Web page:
Everything You Need to Know About When and How to Prune Your Bird’s Nest Fern
Bird’s nest ferns, or Asplenium nidus, lend a lush, tropical vibe to any room. These popular indoor plants are beloved for their fresh-looking, shiny fronds with unique crinkled margins. They’re also easy to care for, given the right conditions, and offer a host of beneficial properties. Optimal soil, water, and light help your bird’s nest fern thrive, as does the proper pruning technique. Here’s what you need to know about pruning your bird’s nest fern.
- Pruning Bird’s Nest Ferns – The Essentials
- The Role Pruning Plays in Plant Health and Growth
- Bird’s Nest Fern Growth Expectations Indoors
- What’s the Best Time of Year to Prune Bird’s Nest Ferns?
- What Are the Essential Tools for Pruning Bird’s Nest Ferns?
- How, When, and Where Should You Prune Bird’s Nest Ferns?
- How Do You Shape Bird’s Nest Ferns?
- Caring for a Bird’s Nest Ferns After Pruning
- Wrapping Up
Pruning Bird’s Nest Ferns – The Essentials
If pruning to control the size, remove fronds only during the spring and summer months. Use sharp plant scissors that have been sterilized to prevent bacterial or fungal infections. Snip fronds to the base on the outer edge of the rosette from which fronds grow. You may trim yellowing, brown, dead, or ragged growth with clean scissors at any time of year.
The Role Pruning Plays in Plant Health and Growth
Most indoor gardeners know about the importance of providing plants with the right soil mix, water, fertilizer, and light conditions. But not as many indoor plant owners consider the importance of pruning. Sometimes known as pinching, pruning houseplants offer a way to keep plants healthy, the right size for their space, and looking balanced.
While many shudder at the thought of cutting into their beloved plants, pruning is actually good for plants and offers a number of benefits to plant health. Think of pruning in terms of grooming; for a plant, a good pruning is similar to a haircut and a manicure for humans.
People prune plants for many reasons. You may want to control a plant’s growth, either in size or shape. You may prune to remove diseased, dead, or unsightly foliage from your bird’s nest fern. Pruning can also encourage more lush growth. Let’s look at a few pruning benefits.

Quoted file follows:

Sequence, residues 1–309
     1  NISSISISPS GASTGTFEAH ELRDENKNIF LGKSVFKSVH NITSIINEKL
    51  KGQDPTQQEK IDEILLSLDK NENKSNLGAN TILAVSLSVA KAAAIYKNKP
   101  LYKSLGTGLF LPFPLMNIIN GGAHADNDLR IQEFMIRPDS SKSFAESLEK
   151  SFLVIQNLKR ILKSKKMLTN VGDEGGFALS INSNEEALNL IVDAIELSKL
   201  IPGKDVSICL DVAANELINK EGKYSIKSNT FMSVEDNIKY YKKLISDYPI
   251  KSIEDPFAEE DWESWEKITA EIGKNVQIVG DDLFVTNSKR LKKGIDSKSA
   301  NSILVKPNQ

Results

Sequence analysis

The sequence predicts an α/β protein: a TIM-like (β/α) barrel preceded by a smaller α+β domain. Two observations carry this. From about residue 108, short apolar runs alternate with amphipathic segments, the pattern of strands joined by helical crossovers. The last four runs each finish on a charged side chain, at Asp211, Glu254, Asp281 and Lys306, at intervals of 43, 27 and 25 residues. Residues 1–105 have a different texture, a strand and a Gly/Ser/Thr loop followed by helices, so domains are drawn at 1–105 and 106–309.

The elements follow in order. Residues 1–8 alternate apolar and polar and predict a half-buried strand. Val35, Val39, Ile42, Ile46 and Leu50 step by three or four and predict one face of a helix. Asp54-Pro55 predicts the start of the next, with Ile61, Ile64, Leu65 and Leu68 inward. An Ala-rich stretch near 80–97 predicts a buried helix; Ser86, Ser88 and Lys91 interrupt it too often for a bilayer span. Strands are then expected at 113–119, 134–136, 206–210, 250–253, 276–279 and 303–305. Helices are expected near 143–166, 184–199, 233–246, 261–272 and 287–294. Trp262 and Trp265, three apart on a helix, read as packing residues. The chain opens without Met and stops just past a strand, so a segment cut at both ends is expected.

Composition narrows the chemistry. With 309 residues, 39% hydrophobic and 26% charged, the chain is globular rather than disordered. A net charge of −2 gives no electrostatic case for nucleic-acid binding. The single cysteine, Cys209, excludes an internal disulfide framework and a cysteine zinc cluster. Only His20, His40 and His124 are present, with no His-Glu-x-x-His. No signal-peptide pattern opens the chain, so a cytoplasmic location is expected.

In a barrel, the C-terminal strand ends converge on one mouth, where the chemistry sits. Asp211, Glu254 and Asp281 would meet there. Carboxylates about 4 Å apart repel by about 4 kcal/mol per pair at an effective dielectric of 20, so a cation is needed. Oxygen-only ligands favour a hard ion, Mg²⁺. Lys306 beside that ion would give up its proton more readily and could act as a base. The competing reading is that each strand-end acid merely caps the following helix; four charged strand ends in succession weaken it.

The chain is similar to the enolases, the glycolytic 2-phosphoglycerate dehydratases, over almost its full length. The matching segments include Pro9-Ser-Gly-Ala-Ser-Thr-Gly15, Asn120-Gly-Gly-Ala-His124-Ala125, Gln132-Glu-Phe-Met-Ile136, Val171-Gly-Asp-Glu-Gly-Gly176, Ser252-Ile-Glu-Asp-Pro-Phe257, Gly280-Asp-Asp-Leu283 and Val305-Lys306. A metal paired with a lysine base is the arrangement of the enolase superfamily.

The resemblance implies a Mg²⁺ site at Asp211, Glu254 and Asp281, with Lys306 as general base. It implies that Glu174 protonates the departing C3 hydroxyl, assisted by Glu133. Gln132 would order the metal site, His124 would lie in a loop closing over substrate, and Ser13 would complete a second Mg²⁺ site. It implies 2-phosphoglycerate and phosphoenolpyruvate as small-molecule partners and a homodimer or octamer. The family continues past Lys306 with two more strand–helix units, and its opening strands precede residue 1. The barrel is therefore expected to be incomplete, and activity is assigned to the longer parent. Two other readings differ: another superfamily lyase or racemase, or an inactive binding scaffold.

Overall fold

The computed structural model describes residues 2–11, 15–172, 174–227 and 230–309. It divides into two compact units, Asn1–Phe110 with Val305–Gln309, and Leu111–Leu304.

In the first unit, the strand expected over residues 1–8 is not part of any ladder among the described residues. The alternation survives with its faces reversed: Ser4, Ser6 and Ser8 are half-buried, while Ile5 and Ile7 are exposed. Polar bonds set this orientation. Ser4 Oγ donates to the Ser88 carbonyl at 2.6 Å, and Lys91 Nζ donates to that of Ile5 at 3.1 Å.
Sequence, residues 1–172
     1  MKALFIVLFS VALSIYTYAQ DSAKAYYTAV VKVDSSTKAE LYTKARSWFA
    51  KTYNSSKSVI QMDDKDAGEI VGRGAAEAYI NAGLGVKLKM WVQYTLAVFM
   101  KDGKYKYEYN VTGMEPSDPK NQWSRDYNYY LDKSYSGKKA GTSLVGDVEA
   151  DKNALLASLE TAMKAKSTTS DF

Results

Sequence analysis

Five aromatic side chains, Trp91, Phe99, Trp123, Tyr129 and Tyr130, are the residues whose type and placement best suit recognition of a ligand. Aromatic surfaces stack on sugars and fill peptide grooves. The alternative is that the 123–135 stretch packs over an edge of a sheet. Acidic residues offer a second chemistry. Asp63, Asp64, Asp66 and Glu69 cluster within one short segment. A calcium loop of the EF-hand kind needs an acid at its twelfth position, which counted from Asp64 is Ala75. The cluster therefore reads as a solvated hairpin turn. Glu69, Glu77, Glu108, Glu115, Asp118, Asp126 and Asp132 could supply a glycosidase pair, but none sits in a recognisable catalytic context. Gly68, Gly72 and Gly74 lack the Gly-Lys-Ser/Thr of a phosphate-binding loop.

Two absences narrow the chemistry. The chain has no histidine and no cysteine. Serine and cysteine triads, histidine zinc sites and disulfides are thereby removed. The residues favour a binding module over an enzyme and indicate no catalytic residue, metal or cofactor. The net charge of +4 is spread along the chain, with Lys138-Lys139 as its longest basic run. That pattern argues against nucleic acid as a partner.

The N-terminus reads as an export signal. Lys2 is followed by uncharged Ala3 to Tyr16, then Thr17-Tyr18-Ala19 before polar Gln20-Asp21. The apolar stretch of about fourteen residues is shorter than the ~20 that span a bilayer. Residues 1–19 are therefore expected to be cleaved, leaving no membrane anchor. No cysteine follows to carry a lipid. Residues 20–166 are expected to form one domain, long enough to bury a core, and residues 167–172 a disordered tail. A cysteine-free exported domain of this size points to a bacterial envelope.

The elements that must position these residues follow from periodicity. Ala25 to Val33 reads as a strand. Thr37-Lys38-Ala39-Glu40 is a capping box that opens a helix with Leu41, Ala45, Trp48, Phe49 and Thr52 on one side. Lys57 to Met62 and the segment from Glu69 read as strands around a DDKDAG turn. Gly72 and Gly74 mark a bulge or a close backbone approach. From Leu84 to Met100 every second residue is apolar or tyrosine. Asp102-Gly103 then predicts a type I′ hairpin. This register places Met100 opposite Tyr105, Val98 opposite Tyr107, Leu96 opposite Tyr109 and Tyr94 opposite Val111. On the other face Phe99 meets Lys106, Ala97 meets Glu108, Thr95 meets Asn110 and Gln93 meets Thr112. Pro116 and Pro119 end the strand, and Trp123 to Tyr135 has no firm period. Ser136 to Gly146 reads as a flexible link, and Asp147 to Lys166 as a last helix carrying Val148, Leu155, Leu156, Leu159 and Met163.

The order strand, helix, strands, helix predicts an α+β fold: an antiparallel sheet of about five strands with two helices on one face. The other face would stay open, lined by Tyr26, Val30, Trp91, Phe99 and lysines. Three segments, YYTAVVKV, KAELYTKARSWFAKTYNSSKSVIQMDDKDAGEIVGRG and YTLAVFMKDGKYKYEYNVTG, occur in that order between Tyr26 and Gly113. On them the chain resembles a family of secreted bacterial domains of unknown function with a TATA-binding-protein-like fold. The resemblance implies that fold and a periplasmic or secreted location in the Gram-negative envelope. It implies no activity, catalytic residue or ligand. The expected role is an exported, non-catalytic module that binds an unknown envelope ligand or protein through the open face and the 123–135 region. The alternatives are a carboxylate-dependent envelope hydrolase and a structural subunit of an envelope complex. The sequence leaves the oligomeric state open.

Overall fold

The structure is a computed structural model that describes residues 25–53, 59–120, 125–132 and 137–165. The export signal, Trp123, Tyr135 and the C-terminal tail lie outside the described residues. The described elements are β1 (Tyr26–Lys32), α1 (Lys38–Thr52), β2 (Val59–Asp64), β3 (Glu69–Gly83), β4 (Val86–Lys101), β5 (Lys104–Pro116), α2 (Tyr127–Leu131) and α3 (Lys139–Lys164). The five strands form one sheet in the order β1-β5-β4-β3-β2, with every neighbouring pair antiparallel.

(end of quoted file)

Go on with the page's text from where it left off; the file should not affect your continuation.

Pruning to Shape Bird’s Nest Ferns
First, there’s shaping. Plants sometimes grow unevenly; when a plant receives different amounts of light on different sides, it can become unbalanced. Other plants tend to get a leggy, spindly look when they don’t get enough sunlight. Whatever the reason, pruning is a great way to restore balance to your plant’s appearance.
Pruning to Control the Size of Your Bird’s Nest Fern
Pruning also controls a houseplant’s size. If an indoor plant outgrows its space — for example, the bird’s nest fern can grow up to 3 feet tall and wide — pruning can help keep it at a manageable size.
But what if you want more growth or thicker foliage? Pruning can help with that, too. It may seem counterintuitive, but pruning encourages new growth, resulting in lush, “bushier” looking plants. Pruning helps clear space for fresh foliage to emerge while focusing the plant’s energy into creating new growth. The wounds created by pruning release a hormone known as auxin that encourages new growth.
Pruning to Maintain Bird’s Nest Fern Plant Health
Pruning benefits plant health in several ways. Removing dead or diseased foliage reduces disease risk, especially from bacterial or viral infections. When a plant has damaged foliage, it tends to direct energy into healing that damage. Pruning removes the problem at its source.
Insects and other pests may also hide in damaged or dead foliage, and pruning removes their hiding places. Pruning also increases airflow, which helps reduce damage due to moisture retention.